Hoyer: House eyeing possible Friday vote on next coronavirus bill

Hoyer: House eyeing possible Friday vote on next coronavirus bill
© Greg Nash

House Democrats are hoping to vote Friday on the next round of coronavirus relief, Majority Leader Steny HoyerSteny Hamilton HoyerMexico's president uses US visit to tout ties with Trump Amy Kennedy wins NJ primary to face GOP's Van Drew House Democrat calls for 'real adult discussion' on lawmaker pay MORE (D-Md.) said Wednesday, but disagreements over the process could push it to next week.

"Hopefully we are getting closer to an agreement, but I can't guarantee that we're going to get an agreement that we can pass on Friday. That would be optimal if we could," Hoyer told reporters on a conference call.

His comments come as party leaders negotiate a fourth coronavirus relief package, which failed last week on the Senate floor over a dispute about the size and scope of the legislation.

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Republican leaders, at the request of Treasury Secretary Steven MnuchinSteven Terner MnuchinWhy Trump can't make up his mind on China Five takeaways from PPP loan data On The Money: Trump administration releases PPP loan data | Congress gears up for battle over expiring unemployment benefits | McConnell opens door to direct payments in next coronavirus bill MORE, are pushing for $250 billion in additional funding for the popular Paycheck Protection Program (PPP), which aims to help small businesses stay afloat through the crisis without firing employees.

Democrats, while supporting the funding boost to the $349 billion program, are insisting that it come with stipulations protecting smaller and minority-owned shops, which tend to have more tenuous relationships with banks and other lending institutions. They're concerned the bulk of the PPP funds will go to larger businesses that have well-established relationships with lenders.

"The most vulnerable are finding it the most difficult," Hoyer said.

Led by Speaker Nancy PelosiNancy PelosiSupreme Court expands religious rights with trio of rulings Congress must act now to fix a Social Security COVID-19 glitch and expand, not cut, benefits Democrats see victory in Trump culture war MORE (D-Calif.) and Senate Minority Leader Charles SchumerChuck SchumerA renewed emphasis on research and development funding is needed from the government Data shows seven Senate Democrats have majority non-white staffs Trump may be DACA participants' best hope, but will Democrats play ball? MORE (D-N.Y.), Democrats are pressing for language ensuring that at least $60 billion of the $250 billion in additional small-business funds go through Community Development Financial Institutions — nonprofits that cater to low-income communities.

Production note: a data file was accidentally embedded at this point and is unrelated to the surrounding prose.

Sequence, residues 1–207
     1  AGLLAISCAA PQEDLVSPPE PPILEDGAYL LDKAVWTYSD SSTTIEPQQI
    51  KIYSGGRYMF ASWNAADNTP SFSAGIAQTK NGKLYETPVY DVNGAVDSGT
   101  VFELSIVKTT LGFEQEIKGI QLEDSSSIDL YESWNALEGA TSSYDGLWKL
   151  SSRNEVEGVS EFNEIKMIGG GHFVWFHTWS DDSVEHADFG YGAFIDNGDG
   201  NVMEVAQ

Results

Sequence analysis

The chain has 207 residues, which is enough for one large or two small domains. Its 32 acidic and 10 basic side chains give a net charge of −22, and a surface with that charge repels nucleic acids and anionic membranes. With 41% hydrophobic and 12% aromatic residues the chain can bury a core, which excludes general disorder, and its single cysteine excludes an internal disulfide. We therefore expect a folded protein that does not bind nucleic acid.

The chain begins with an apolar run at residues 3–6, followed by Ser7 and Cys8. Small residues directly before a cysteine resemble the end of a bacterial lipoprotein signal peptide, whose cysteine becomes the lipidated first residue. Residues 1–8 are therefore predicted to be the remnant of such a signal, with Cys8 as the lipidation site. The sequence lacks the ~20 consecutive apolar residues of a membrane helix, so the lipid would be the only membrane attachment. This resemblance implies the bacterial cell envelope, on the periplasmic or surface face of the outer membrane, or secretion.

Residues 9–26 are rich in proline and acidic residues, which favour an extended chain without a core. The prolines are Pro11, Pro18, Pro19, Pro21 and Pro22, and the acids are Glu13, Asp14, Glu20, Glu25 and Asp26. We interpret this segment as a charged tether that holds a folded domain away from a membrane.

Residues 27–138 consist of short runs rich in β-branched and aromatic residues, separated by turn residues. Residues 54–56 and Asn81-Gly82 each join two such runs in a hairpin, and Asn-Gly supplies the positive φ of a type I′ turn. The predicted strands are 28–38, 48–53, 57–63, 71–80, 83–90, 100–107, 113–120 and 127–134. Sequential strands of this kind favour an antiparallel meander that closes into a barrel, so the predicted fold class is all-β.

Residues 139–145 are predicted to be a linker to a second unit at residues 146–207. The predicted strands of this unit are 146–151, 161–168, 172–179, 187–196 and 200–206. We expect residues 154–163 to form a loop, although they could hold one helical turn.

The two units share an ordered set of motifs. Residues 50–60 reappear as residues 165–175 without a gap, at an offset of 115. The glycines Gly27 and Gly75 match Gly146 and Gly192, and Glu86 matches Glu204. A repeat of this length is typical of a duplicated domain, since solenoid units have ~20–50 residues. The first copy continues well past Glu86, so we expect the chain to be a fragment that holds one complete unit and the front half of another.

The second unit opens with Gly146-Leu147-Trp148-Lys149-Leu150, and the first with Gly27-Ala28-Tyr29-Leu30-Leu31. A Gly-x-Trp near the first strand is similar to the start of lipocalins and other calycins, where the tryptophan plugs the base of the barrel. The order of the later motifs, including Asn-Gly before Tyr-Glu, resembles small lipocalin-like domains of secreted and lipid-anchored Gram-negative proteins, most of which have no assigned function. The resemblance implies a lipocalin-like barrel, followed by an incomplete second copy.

"I will not allow anything to perpetuate the disparity and access to capital that exists in our country," Pelosi said Tuesday night in an interview with MSNBC's Chris Hayes. "So, when they said first-come, first-serve, ‘Oh we’re just serving the customers we know at the bank’ — what happens to our underbanked folks?"

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Democrats are also pressing for an additional $150 billion for state and local governments; $100 billion for hospitals and community health centers; and a 15 percent increase in food stamps as part of the interim package.

Hoyer said he's spoken to Republicans who support the Democrats' proposed additions — "so I don't think it's the substance of our request that seemed to be the problem," he said Wednesday.

"I think it was the process; they didn't like adding onto their request," Hoyer said. "But clearly the Congress is designed by the Constitution to provide resources that we believe are necessary, and the executive to carry it out. ... We would hope that we could reach agreement."

Adding pressure on lawmakers to reach a deal, existing PPP funding could be exhausted by the end of the week.

The Senate is scheduled to hold a pro forma session Thursday, providing a window for any agreement to move through the upper chamber, while the House has its next session scheduled for Friday.

Heading into that session, Hoyer took one option off the table, rejecting the idea that the House would adopt remote voting to move the next round of coronavirus relief — a strategy being pushed by some rank-and-file members amid concerns over travel and gathering in crowds.

"We are not going to be able to do that immediately, because we need to change the rules and we need to create [bipartisan] agreement," Hoyer said.